3.1.1 Field studies

A substantial amount of recent research has focused on empirical evaluations of existing reputation mechanisms [2, 3, 4, 5, 6]. The majority of these works focus on eBay’s feedback mechanism and concentrates on studying the relationship between a seller’s reputation score, auction closing prices, and the probability that an auction will receive at least one bid. Researchers have conducted observational studies of listings in particular categories, with increasing methodological sophistication. One controlled experiment sold matched items under different seller identities with different feedback profiles. In general, researchers have found that buyers do reward sellers with better reputations, but only by a small amount. Results have not been entirely consistent, however, in particular about whether positive feedback and/or negative feedback makes a difference. A panel compared some of the methods and results, and a summary table was distributed.

Other topics addressed by field studies include understanding the drivers and evolution of buyer participation on eBay’s feedback mechanism. Preliminary results indicate that that a buyer’s propensity to leave feedback for a seller has a positive correlation with the amount of positive seller reciprocation that this buyer has experienced in the past. Furthermore, experienced buyers (buyers who have completed large numbers of transactions), as well as buyers who transact with high frequency tend to leave feedback less often.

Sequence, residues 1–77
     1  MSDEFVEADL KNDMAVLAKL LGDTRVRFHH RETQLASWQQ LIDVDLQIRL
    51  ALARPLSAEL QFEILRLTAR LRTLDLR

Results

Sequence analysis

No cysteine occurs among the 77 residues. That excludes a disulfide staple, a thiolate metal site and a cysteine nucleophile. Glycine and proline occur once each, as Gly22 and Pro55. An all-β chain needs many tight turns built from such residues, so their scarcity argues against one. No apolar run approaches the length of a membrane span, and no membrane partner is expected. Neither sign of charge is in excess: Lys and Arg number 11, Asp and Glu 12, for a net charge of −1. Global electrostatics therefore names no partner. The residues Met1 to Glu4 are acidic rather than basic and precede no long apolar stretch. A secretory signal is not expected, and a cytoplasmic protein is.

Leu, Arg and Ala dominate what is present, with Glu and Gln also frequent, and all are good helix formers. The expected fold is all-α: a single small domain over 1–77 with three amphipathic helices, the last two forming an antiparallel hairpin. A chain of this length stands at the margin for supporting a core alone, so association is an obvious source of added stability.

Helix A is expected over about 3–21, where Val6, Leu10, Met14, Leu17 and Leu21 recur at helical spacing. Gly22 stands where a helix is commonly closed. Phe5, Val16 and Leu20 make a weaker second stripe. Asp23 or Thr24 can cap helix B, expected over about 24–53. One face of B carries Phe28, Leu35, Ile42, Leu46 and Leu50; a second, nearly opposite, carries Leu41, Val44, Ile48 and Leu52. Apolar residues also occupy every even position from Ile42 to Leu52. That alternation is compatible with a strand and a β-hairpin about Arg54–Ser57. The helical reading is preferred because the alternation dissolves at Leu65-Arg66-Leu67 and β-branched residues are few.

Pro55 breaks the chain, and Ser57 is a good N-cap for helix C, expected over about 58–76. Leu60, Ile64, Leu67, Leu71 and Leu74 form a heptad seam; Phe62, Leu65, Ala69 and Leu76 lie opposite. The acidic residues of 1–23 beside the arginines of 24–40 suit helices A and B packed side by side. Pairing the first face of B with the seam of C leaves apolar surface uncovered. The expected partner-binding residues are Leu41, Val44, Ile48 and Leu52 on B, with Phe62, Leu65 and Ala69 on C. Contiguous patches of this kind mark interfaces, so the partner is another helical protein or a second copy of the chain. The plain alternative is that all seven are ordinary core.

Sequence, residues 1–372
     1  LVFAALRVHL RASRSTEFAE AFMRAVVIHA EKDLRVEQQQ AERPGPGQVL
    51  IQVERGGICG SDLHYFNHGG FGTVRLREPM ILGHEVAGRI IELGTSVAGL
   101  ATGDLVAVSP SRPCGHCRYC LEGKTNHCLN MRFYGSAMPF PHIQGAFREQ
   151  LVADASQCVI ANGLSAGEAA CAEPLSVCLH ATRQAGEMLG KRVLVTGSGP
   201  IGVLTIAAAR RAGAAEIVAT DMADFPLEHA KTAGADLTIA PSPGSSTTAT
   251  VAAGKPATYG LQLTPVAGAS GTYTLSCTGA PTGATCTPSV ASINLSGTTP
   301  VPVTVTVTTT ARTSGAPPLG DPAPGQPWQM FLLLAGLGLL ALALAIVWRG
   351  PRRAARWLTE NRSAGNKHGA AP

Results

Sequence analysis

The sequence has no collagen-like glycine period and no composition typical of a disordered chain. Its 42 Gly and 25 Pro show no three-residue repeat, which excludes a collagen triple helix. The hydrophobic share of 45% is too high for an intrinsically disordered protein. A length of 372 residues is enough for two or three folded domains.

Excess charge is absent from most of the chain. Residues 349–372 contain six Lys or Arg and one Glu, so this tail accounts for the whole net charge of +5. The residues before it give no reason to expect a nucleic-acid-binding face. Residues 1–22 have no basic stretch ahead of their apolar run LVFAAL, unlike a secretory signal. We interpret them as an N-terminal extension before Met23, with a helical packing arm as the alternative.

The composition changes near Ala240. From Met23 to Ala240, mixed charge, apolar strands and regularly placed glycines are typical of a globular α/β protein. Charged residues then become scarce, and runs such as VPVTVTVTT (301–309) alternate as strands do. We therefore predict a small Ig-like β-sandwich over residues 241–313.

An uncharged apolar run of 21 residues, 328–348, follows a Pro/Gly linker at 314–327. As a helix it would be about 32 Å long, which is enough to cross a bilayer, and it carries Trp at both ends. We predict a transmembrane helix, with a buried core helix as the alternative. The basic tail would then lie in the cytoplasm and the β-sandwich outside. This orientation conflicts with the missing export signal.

The industry representatives from eBay and epinions have conducted customer focus groups and observed their users’ reactions to various proposed and actual changes in their systems [1]. They emphasized two critical factors. The first is that people care a lot about their own reputation scores, even beyond any commercial impact those scores might carry. Second, their users strongly prefer metrics that are easily understood. For example, if there are several separate scores that are then aggregated into a composite score, they want to understand how the components are weighted.

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About Paul Resnick

Professor, University of Michigan School of Information Personal home page
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